We had a conversation at our guild meeting last month about photography and I thought the topic would make a good blog post. I’ve been making jewelry in polymer clay, beads and lately silver for around 8 years now and taking pictures of my work along the way. I’ve never taken any classes in photography and I certainly have a lot more to learn, but I am proud of the progress I’ve made.
(click the highlighted words for resource information)
Photo taken in January 2003 with a Cloud Dome:
Photo taken March 2004 with a homemade light box (translucent plastic box):
Silver bezel bracelet by Don Geer, polymer clay by me
Photo taken September 2008 with an EZ Cube:
I think I have improved. And I am still learning. There’s a lot of trial and error involved. Here are my tips on how to improve your jewelry photography:
Get a decent digital camera.
It is the most important piece of equipment you need. You don’t need to have a camera with all the bells and whistles or the most megapixels available, but you do need a camera with an excellent macro function and the ability to change the white balance settings. A great place to research cameras is DP Review.
Identify the style of photography you like.
Research good photographers who do jury photography and look at their portfolios online and in books. It will really help develop your own photography. A few excellent professional photographers (in no particular order):
You can find others by checking the photo credits in the Lark 500 Series or in Ornament or Art Jewelry magazines.
You can also do this by looking at the artist photos for high end craft shows like the American Craft Council Shows or Craft Boston.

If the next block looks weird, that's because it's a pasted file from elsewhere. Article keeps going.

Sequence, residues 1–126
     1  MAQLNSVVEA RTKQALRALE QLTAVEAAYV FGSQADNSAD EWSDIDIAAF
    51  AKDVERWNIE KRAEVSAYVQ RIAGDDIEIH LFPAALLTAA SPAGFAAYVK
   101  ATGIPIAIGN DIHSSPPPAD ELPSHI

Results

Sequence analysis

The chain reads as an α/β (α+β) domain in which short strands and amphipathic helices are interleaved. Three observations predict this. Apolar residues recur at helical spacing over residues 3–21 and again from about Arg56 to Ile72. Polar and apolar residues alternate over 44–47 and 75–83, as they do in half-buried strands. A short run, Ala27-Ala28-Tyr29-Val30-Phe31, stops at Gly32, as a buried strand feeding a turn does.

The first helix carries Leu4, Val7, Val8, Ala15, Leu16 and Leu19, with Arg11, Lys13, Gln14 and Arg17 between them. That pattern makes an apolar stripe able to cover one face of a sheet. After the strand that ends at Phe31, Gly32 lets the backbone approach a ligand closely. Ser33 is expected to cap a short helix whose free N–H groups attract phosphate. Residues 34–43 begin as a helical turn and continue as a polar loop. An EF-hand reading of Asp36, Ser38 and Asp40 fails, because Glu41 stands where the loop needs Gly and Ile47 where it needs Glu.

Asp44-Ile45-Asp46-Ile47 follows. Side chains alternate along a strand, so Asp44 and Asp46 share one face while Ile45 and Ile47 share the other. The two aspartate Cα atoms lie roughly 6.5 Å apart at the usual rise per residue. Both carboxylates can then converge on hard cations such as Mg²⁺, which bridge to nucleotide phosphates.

Get (or make) some basic equipment.
A tripod. You really need this to keep your camera still.
A light tent. You can buy one from many places including Tabletop Studios or Alzo or Ebay or Amazon. Or you can build one yourself. There are loads of instruction online: here or here or here for example.
Lighting = Daylight bulbs. I used Ott lights that I had in my studio originally. Then I bought a set from Tabletop Studios. You can also buy bulbs and use them with inexpensive clip-on fixtures. Or you can set up your photo tent outdoors and use natural light.
A background. I like to use a graduated background, but you can use other backgrounds. Personally I think the background should be neutral and plain. I used a piece of silver posterboard for a long time and I think it worked pretty well. (see the middle photo above) Avoid fabrics that wrinkle or show dust easily. If your pieces are small you can print your own graduated background.
Photo manipulation software and a book to go along with it.
I recommend Photoshop Elements to start. The price is reasonable and it’s a very powerful piece of software. The auto settings aren’t too bad either. If that’s out of your price range search the web for free photo editing software. I am sure there are some great products out there. Buy a book about your software. It really helps to have a reference book. I like the “for dummies” books to start. They’re really basic and easy to follow.
Research online tutorials.
Some of the ones I like are: